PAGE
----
Their lists were not just expensive, they were also weird. Like, where-did-you-guys-come-from-because-I’m-totally-normal-so-how-did-I-have-weirdo-kids random. They included things like “intergalactic play set, “box of jokes,” and “bubble gum making kit.” Although the 6-year old did say, “But we won’t get that one, right, Mommy? Since you and Santa say we shouldn’t chew gum because it’s bad for us.”

Also on a list, that of our oldest, the 8-year old?

“Charms and Trinkets”

What. In. The. Actual. Eff. 

First of all, huh? Second of all, how did you value said “charms and trinkets” in your final tally for cost to “Santa?”  Third, I’m pretty sure he’s asking for trash. Like the shiny buttons and stuff he finds on the playground and wants to keep forever. I don’t know what to do with this information. I swear this was really on the list. Check it out: 

Weird Christmas List Requests

He’s got horrible handwriting, it’s a LD-related thing, but yes. That is my 8-year old son requesting “charms and trinkets” for Christmas.

I hope he’s cool with the bicycle that he’s actually getting. I’ll keep you updated so you’ll know if he’s the only kid on the planet that comes downstairs to a brand-new bike and looks around to ask, “but what about those charms and trinkets I asked for?” with disappointment in his voice.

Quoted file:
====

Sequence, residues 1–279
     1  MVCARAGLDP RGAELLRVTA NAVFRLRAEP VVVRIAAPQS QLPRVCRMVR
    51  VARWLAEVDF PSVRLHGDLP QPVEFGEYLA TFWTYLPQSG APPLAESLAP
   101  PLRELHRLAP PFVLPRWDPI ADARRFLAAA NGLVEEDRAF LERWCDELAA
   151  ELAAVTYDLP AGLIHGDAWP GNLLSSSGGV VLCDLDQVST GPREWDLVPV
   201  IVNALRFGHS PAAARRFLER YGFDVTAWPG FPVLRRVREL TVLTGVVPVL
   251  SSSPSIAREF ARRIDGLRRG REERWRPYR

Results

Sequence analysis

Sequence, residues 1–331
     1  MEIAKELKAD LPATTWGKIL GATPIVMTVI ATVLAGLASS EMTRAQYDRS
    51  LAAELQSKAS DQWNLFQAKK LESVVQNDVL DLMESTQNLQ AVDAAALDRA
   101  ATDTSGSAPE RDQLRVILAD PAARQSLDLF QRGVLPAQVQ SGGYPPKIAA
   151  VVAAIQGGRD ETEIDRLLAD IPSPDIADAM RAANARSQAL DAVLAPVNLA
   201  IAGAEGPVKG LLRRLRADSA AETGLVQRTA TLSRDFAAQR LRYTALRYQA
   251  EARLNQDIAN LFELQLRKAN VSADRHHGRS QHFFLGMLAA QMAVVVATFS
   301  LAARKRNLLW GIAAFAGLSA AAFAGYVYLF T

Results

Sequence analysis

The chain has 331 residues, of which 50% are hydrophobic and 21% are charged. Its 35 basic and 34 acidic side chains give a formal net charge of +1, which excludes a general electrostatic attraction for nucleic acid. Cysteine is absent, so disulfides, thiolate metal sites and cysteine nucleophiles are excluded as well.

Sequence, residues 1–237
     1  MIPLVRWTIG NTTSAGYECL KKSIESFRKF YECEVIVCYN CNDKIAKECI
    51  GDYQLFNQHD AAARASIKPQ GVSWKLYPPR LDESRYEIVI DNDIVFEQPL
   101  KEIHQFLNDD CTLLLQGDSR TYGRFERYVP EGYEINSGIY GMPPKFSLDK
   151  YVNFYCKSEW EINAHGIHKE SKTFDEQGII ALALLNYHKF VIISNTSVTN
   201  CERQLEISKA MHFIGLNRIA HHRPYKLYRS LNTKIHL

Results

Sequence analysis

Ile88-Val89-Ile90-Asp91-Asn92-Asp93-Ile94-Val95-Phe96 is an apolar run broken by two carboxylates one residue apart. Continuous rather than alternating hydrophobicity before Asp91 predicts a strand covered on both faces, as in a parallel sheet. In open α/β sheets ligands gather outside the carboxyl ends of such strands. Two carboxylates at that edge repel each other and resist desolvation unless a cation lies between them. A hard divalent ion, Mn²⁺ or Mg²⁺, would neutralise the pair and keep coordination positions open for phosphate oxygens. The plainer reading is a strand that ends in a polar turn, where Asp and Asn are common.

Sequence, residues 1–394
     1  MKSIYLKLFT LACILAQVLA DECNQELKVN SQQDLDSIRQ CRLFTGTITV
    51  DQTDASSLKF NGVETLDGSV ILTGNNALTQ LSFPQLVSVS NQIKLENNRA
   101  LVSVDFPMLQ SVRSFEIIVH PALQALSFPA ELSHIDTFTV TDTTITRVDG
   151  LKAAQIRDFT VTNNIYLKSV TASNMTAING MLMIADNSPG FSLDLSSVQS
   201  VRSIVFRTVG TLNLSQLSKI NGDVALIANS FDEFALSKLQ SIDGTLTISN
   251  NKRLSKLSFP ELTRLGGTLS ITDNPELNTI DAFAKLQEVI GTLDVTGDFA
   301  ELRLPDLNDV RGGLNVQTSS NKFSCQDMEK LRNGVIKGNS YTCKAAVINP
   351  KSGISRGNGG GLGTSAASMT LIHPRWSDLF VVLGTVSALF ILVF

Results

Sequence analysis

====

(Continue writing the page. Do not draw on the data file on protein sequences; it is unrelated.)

Hey, kid- this bike means you can take yourself to search for all the charms and trinkets you can find. Within view of the house, at least. Maybe if you’re good you can get a basket for the bike for your birthday and you can put all your trinkets in there.  


And then you split?

Last week we were all in the car and I was talking about my parents coming to visit for Thanksgiving. I must have referred to them as “mom and dad” at one point instead of “Gran and Papa” (which is how my kids know them). This led to the following conversation between Mini-Me, the 6-year old, and myself. 

Mini-Me: So Gran and Papa are YOUR mom and dad? 
Me: Yup, they’re my parents. 
Mini-Me: Huh. So that’s why they’re older than you are?
Me: It’s one of the reasons, yeah. 
Mini-Me: Soooo… you got to a certain age and then you just… split?
Me: (laughing hysterically) I guess you could say that. 
Mini-Me: I’m never going to split from you. 
Me: Well, that’s very nice but we’ll have to revisit this conversation when you’re older. 
Mini-Me: Nope. I’m never going to split from you guys. I don’t want to split. 
Me: Okay then. 

This led to the rest of the kids joining him in to declare that they would never split from us either. I guess we’ll need to make sure our retirement home has plenty of rooms. 


"So then you just split?"

“So then you just split?”